Long-Acting Injectable Versus Oral Naltrexone Maintenance Therapy With Psychosocial Intervention for Heroin Dependence: A Quasi-Experiment
J Clin Psychiatry 2010;71(10):1371-1378
© Copyright 2014 Physicians Postgraduate Press, Inc.
Purchase This PDF for $40.00
If you are not a paid subscriber, you may purchase the PDF.
(You'll need the free Adobe Acrobat Reader.)
Receive immediate full-text access to JCP. You can subscribe to JCP online-only ($86) or print + online ($156 individual).
With your subscription, receive a free PDF collection of the NCDEU Festschrift articles. Hurry! This offer ends December 31, 2011.
If you are a paid subscriber to JCP and do not yet have a username and password, activate your subscription now.
As a paid subscriber who has activated your subscription, you have access to the HTML and PDF versions of this item.
Click here to login.
Did you forget your password?
Still can't log in? Contact the Circulation Department at 1-800-489-1001 x4 or send email
Objective: To conduct a quasi-experimental comparison of early clinical outcomes between injectable, sustained-release, depot naltrexone formulation versus oral naltrexone maintenance therapy in individuals with opiate dependence.
Method: Early retention in treatment and urine-confirmed opiate use in the first 8 weeks postdetoxification were compared between patients (diagnosed as opiate-dependent according to DSM-IV criteria) participating in 2 concurrently run randomized clinical trials of oral (n = 69; patients treated from September 1999 to May 2002) and long-acting injectable (n = 42; patients treated from November 2000 to June 2003) naltrexone maintenance therapy with psychosocial therapy.
Results: Long-acting injectable naltrexone produced significantly better outcome than oral naltrexone on days retained in treatment (F1,106 = 6.49, P = .012) and for 1 measure of opiate use (F1,106 = 5.26, P = .024); other measures were not significantly different, but differences were in the same direction. In subanalyses, there were interaction effects between baseline heroin use severity and type of treatment. In subanalyses, heroin users with more severe baseline use showed better retention with oral naltrexone maintenance therapy combined with intensive psychotherapy (behavioral naltrexone therapy) as compared to retention shown by severe heroin users treated with long-acting naltrexone injections combined with standard cognitive-behavioral therapy (χ21 = 9.31, P = .002); less severe heroin users evidenced better outcomes when treated with long-acting injectable naltrexone.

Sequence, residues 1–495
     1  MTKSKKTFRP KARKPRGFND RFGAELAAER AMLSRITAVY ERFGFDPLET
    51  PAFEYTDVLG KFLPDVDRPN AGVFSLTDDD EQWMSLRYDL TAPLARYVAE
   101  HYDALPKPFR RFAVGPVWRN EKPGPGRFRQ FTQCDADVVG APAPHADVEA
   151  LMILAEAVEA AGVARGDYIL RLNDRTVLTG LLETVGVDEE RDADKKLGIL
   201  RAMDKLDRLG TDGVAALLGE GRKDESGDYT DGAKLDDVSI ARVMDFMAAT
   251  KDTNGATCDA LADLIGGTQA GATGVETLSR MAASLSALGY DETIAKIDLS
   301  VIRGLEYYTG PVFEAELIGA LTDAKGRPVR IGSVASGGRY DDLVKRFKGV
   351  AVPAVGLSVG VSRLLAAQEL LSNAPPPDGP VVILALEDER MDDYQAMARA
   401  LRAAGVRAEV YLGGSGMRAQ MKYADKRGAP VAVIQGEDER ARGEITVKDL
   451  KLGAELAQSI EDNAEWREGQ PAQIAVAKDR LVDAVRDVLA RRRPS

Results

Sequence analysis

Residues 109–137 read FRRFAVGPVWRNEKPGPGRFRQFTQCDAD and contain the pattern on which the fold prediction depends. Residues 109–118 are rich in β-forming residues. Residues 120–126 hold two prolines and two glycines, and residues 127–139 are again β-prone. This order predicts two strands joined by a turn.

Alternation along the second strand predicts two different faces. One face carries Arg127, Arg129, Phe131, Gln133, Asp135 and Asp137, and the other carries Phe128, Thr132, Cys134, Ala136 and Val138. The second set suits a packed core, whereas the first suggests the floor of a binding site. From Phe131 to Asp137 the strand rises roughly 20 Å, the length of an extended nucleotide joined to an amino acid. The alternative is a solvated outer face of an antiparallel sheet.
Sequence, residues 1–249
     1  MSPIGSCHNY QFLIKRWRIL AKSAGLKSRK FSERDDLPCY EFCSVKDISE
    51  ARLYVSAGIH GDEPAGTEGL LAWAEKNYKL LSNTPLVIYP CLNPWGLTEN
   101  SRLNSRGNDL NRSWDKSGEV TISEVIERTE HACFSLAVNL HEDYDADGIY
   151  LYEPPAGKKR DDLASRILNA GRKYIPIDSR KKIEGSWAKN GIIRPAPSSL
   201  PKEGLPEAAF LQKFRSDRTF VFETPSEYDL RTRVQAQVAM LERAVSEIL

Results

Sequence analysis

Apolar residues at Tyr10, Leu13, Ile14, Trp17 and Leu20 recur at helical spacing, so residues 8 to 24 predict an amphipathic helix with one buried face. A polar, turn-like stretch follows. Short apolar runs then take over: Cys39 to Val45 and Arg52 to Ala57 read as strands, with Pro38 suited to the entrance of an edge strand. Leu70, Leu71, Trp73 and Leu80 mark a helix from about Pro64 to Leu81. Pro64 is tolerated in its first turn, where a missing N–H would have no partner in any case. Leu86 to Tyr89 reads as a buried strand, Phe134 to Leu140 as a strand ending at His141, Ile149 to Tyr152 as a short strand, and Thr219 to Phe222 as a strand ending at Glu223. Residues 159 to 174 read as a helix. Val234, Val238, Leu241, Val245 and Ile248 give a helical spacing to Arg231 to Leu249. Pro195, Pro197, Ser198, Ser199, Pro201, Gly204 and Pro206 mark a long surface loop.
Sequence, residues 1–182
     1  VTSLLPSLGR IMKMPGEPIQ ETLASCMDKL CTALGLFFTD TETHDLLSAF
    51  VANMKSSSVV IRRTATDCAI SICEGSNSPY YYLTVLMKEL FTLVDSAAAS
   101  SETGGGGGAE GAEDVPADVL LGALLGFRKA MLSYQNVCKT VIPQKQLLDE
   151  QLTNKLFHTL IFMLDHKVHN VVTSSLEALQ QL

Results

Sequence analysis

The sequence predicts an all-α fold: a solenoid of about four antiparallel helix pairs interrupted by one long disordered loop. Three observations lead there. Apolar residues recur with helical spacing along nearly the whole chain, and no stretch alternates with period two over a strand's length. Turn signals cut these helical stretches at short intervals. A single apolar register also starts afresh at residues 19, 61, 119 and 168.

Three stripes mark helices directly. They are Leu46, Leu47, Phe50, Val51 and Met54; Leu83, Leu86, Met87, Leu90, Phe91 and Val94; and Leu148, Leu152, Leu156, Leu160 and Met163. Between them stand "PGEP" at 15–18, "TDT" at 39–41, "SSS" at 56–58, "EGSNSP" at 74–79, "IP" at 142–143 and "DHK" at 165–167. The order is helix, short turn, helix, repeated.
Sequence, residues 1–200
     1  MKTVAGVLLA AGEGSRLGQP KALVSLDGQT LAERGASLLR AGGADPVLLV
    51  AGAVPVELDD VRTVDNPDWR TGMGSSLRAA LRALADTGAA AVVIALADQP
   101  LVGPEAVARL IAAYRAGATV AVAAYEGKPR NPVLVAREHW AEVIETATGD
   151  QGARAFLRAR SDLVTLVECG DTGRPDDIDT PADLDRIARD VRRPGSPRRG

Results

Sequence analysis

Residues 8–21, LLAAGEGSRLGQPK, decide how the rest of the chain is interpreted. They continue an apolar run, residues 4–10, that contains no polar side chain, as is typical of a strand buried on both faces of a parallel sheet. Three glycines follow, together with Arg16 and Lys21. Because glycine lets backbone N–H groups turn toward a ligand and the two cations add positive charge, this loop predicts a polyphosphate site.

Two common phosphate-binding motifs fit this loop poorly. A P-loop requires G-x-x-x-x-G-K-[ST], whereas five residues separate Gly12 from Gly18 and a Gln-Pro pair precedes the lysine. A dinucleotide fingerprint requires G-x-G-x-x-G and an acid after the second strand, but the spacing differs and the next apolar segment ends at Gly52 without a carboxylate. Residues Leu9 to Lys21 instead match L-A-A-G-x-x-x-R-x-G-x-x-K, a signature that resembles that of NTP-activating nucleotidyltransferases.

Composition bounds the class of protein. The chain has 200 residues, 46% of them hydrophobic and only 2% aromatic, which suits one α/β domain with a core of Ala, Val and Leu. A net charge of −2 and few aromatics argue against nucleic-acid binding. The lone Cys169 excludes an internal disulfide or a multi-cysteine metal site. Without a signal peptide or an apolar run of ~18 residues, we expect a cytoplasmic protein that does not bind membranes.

Conclusions: This quasi-experimental analysis provides tentative indications of superior outcomes for heroin-dependent patients treated with long-acting injectable naltrexone compared to oral naltrexone. The finding that heroin users with more severe baseline use achieved better outcomes with oral naltrexone is most probably attributable to the intensive nature of the psychosocial treatments provided and points to the opportunity for continued research in augmenting injectable naltrexone with psychosocial strategies to further improve outcome, especially in individuals with more severe use. The results should be considered exploratory given the quasi-experimental nature of the study.
J Clin Psychiatry
Submitted: December 9, 2008; accepted June 9, 2009.
Online ahead of print: July 13, 2010 (doi:10.4088/JCP.09m05080ecr).
Corresponding author: Adam C. Brooks, PhD, Treatment Research Institute, 600 Public Ledger Bldg, 150 S Independence Mall West, Philadelphia, PA 19106 (email@example.com).